With 94 percent of the corn emerged, USDA rates the condition in the 18 states it reports at 77 percent good/excellent and jut 4 percent poor/very poor. Emergence is 2 to 6 percent ahead of average in our service states and good/excellent ratings range from 60 in Kansas to 86 in Nebraska, while the bottom categories range from 1 percent (Nebraska) to 7 percent (Kansas). The worst crop seems to be in Texas, where 19 percent is in the bottom categories, followed by North Carolina and Missouri, with 17 and 14 respectively in poor/very poor condition.
Soybeans are now 93 percent planted, compared with an average 85 percent. Kansas, at 89 percent complete, is 22 points ahead of average; the other states in our service area all are ahead of average and all are at least 96 percent finished. Emergence also is considerably ahead, at 83 percent vs. an average 69 percent in the 18 states.
USDA rates soybean condition at 74 percent good/excellent and just 4 percent poor/very poor. Kansas ranks lowest in our service area, at 56 percent good/excellent and 6 percent poor/very poor. Nebraska’s crop holds the top spot -- 87 percent in the top categories and only 1 percent in the bottom categories.
As with the other crops, sorghum planting is ahead of schedule, at 80 percent planted and 16 percent headed, compared with 68 percent and 12 percent on average. Half the sorghum crop is rated good/excellent in the 11 reported states. Nebraska and South Dakota sorghum is rated 87 and 88 percent in the top categories with none rated poor/very poor. Kansas ratings are 57 percent in the top categories and 3 percent in the bottom.
Sunflowers are 12 points ahead of the 60 percent average plantings for this time of year in the four reported states. Kansas, at 53 percent, and South Dakota, at 64 percent, are both 15 points ahead of average.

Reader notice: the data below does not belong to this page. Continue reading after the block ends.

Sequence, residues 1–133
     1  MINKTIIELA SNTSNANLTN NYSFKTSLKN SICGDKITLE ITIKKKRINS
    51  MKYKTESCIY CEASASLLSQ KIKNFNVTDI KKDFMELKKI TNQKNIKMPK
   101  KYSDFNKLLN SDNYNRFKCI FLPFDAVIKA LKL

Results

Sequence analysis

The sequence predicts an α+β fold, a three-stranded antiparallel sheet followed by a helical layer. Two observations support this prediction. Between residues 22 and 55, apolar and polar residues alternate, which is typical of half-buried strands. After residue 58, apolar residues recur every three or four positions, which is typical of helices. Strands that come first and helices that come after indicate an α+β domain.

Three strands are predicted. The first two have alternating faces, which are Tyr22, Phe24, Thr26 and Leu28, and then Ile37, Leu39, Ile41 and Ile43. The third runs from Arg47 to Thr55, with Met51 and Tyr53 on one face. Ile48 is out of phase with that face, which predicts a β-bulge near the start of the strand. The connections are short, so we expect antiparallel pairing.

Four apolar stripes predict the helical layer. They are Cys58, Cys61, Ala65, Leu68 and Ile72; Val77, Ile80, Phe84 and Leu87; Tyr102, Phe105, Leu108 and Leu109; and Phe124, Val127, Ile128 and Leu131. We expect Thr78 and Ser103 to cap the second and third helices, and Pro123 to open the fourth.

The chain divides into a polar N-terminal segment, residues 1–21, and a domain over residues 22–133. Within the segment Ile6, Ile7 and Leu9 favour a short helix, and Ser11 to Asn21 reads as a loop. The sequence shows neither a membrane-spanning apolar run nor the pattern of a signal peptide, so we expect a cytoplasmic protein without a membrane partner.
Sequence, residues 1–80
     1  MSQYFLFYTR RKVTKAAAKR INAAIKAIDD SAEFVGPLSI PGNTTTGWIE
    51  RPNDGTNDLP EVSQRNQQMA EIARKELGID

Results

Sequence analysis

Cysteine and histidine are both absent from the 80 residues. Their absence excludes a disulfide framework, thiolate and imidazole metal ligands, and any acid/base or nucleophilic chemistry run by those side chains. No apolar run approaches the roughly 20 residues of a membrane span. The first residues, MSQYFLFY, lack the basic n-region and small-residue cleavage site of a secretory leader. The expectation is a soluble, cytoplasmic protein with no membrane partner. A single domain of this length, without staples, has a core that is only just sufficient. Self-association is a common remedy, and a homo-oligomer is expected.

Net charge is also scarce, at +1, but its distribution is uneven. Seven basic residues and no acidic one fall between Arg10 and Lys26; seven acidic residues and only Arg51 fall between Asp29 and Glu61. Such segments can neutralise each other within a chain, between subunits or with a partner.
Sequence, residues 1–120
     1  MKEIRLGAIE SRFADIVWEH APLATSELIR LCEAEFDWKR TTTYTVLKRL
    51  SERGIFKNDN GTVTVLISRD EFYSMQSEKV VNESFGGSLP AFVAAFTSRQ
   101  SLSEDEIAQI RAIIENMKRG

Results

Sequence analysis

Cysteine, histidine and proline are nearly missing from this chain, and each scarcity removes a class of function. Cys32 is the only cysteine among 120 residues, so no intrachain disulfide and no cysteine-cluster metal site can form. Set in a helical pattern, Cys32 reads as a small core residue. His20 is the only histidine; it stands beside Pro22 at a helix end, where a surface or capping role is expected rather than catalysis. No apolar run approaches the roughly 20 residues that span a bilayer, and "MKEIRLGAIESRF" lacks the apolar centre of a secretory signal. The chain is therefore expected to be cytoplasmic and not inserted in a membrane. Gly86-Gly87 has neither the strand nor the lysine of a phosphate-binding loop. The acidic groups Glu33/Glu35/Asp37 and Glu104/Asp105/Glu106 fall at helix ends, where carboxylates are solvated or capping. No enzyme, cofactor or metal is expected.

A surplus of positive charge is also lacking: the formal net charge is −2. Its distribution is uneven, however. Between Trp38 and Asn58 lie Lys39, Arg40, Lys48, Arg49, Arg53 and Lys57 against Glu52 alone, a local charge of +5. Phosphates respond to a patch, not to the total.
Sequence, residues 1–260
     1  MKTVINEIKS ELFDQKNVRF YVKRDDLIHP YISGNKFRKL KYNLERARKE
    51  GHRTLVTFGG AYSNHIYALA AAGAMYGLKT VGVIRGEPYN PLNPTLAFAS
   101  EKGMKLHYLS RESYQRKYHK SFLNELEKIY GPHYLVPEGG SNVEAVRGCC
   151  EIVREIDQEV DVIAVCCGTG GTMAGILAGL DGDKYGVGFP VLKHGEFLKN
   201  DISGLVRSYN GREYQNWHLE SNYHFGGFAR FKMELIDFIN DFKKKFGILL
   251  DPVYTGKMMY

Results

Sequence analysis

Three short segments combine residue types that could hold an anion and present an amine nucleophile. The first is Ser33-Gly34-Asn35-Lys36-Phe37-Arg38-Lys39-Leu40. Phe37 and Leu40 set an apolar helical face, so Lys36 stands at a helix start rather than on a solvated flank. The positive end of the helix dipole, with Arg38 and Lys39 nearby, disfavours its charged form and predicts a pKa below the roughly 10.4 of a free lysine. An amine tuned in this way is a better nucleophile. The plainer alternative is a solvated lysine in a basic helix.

South Dakota’s spring wheat has emerged and 43 percent is rated good/excellent compared to 9 percent poor/very poor. That is the worst rating of the six reporting states, which average 70 percent and 3 percent, respectively.
Fourteen percent of the winter wheat had been harvested at the start of the week, 4 points ahead of average. The states in our service area are right on their averages.
Condition is rated 38 percent good/excellent and 35 percent poor/very poor in the 18 states
USDA assesses. Almost half of the Kansas crop – 47 percent – is in the lowest two categories and only 16 percent is good/excellent.
The long-term Palmer Drought Index as of June 9 shows a few moist areas but continued drought in the Southwest and Kansas. This explains the poor ratings and stressed crops in parts of our service region.
A look at the short-term need vs. available water shows most of the Corn Belt in a mostly balanced situation as of June 9, indicating crops may be getting by in the short term. The National Oceanic and Atmospheric Administration does note that this may not apply to seeds still in the germination phase, when roots are not yet well developed.